White regions in DensityPlot — is this a bug with ColorFunctionScaling?

9

Is this a bug with ColorFunctionScaling?

When I try to supply my own ColorFunction Mathematica seems to partially ignore it, and the white color "burns through" if the function is too "sharp":

mycf[z_] := RGBColor[z, 0, 0]

GraphicsRow[
  {DensityPlot[(Sin[x] Sin[y])^4, {x, 0, Pi}, {y, 0, Pi},
    ColorFunction -> mycf, ColorFunctionScaling -> False],
   DensityPlot[(Sin[x] Sin[y])^5, {x, 0, Pi}, {y, 0, Pi}, 
    ColorFunction -> mycf, ColorFunctionScaling -> False]}
]

density plots

Sampo Smolander

Posted 2012-11-08T01:05:30.033

Reputation: 290

A version of: (8390)

– Mr.Wizard – 2015-01-12T13:15:47.790

3Try PlotRange -> All. – J. M.'s ennui – 2012-11-08T01:09:21.140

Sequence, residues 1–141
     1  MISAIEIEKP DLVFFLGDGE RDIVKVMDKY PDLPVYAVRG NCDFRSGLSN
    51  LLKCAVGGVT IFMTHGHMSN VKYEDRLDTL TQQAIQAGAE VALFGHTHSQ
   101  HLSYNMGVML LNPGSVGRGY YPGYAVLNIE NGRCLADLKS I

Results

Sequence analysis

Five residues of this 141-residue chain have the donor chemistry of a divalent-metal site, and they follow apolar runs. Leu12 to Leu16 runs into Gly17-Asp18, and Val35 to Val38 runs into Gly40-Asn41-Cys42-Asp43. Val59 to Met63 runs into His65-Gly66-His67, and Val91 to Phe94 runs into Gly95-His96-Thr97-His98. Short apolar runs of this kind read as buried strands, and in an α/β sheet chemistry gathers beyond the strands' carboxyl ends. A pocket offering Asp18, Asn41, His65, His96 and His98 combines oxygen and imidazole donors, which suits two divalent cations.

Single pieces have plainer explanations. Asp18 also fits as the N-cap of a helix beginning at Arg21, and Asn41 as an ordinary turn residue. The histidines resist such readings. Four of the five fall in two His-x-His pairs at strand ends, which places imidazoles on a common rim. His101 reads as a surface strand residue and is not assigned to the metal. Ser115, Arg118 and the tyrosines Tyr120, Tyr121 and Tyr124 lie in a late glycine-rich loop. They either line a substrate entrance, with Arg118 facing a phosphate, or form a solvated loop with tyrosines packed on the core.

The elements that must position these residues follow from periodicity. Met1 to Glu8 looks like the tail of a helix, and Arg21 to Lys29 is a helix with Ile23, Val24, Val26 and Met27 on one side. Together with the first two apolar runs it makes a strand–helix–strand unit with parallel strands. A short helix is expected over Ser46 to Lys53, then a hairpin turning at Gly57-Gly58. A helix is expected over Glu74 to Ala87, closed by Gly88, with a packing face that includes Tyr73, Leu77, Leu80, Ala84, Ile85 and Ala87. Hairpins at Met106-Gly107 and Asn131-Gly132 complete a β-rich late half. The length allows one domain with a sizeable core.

Answers

21

DensityPlot[] was automatically cutting off your function at the peak. To fix this, add the option PlotRange -> All:

DensityPlot[(Sin[x] Sin[y])^5, {x, 0, Pi}, {y, 0, Pi}, 
            ColorFunction -> mycf, ColorFunctionScaling -> False, PlotRange -> All]

correct density plot


Why does Mathematica cut off values at all?

With the default setting of PlotRange -> Automatic, Mathematica will often choose not to show the highest or lowest values (outliers) in an attempt to present a useful plot. The decisions it makes are not perfect, but on average are better than a default of PlotRange -> All would be. Consider for example the following situation:

Mathematica graphics

J. M.'s ennui

Posted 2012-11-08T01:05:30.033

Reputation: 115 520

Why community wiki? – None – 2012-11-08T01:16:32.893

2@Rahul Because he can :) – Dr. belisarius – 2012-11-08T01:33:06.767